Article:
Anjali Monteiro and K.P. Jayasankar
Anjali Monteiro and K.P. Jayasankar moved to Mumbai (then Bombay) in the early 70s. Since then, they have been there witnessing each and every change of the city — be it the Great Bombay Textile Strike in the 80s or the Bombay Riots in the 90s. Like many early migrants, they saw the cultural and political landscape of the city, the birth place of working class trade union, changing with time. These experiences led the filmmaker couple to create Saacha, a 49-minute film on migrant life in Mumbai, which is on display at the ongoing Kochi Muziris Biennale. At the biennale, the film is exhibited along with poems of Narayan Surve, a renowned Marathi poet, and paintings of popular artist Sudhir Patwardhan that rhyme with the theme.
"We started filming Saacha in 2000 and completed it in 2001," says Anjali. Both Anjali and Jayasankar are professors at School of Media and Cultural Studies, Tata Institute of Social Sciences, Mumbai, and are documentary makers and authors.
An adaptation of Saacha was an installation at the art exhibition Project Space: Word. Sound. Power. at the Tate Modern, London, in 2013; and at Khoj, New Delhi, in 2014.
"While living in Mumbai, one important milestone we witnessed was the textile strike, which ultimately led to the closure of most of the mills that were located on a vast land in the centre of the city. A culture had been formed around those mills. Once the mills shut down, it led to the erosion of that way of life. As filmmakers, who have been living in this city for a long time, we wanted to chronicle that. Thus Saacha happened," explains Anjali. "For the biennale, we just technically enhanced the film."
Words, images and music form the crux of Saacha, which uses loom as a metaphor. "Loom is a space where dynamic forces come together to weave fabric. Hence, it is used as the metaphor here," says Anjali. And, vibrant, thought-provoking music has always been a part of the Leftist movement. "We started off with the works of Sudhir, who has been documenting urban life for a long time. Then, we came across Narayan, whose poems are direct and powerful. His words reflect the same theme, but from a different vantage point," says Anjali, while Jayasankar adds, "He was part of the working class culture. He was abandoned as a child. It was a mill worker who found him and raised him. Narayan was not very educated, but went on to become one of the most popular Marathi poets."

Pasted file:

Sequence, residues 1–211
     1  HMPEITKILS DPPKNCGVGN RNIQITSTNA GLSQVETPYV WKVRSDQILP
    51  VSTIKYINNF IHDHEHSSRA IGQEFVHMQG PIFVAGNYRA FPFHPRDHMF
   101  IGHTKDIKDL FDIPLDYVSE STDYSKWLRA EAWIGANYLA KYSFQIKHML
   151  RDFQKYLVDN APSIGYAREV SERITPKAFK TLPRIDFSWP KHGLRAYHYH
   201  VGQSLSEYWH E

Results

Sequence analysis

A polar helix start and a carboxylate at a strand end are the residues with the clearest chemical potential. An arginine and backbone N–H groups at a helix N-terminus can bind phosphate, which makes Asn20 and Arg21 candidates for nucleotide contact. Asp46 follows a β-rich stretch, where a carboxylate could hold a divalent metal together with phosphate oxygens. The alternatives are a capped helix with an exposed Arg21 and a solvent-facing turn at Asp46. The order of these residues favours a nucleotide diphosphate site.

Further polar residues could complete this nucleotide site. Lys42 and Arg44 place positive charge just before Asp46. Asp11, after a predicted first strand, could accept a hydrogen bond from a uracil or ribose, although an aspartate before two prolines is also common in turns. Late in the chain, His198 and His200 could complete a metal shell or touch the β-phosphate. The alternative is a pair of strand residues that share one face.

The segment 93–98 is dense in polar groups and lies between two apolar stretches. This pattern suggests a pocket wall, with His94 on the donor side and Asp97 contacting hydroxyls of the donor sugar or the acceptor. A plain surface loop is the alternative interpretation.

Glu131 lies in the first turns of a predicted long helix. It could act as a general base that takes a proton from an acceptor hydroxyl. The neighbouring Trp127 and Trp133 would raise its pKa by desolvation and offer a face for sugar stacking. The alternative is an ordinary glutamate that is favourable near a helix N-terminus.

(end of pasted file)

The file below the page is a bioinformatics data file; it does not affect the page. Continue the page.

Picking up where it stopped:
Sudhir Patwardhan’s paintings show two faces of Mumbai
English and Malayalam translations of his poem are plastered on the walls for visitors. Sudhir’s paintings, which have two dimensions, show how the face of the city changed. At one side, we see workers travelling on a train; the other side shows concrete jungle that came later.
What the couple tries to communicate through their politically charged work is the significance of migrant labour in Mumbai’s growth, perhaps, in all great cities’ development. And, the situation goes on even now, which makes their work relevant even after all these years. "Kerala is a classic example of migrant force. You can see it around us now," says Jayasankar, a native of Kochi.
Saacha further tells us how a community that contributed to the growth of Mumbai was marginalised by other forces that overtook their space. "We want their talent, not them. That is our attitude towards them," says Jayasankar. "If Mumbai is a safe city now, it is because of those working class culture. Because mills ran for 24 hours, and there were people and food outlets on streets day and night," he adds.
Saacha is just one element of the couple’s efforts towards this issue. Rest of their research materials is available on millmumbai.tiss.edu.
Anjali and Jayasankar, who find participation at the biennale as a great honour, say, "It is a nice experience. We are so happy to be here and have vowed ourselves to visit the coming biennales as well," they conclude. Saacha is exhibited at the first floor of Aspinwall House, Fort Kochi.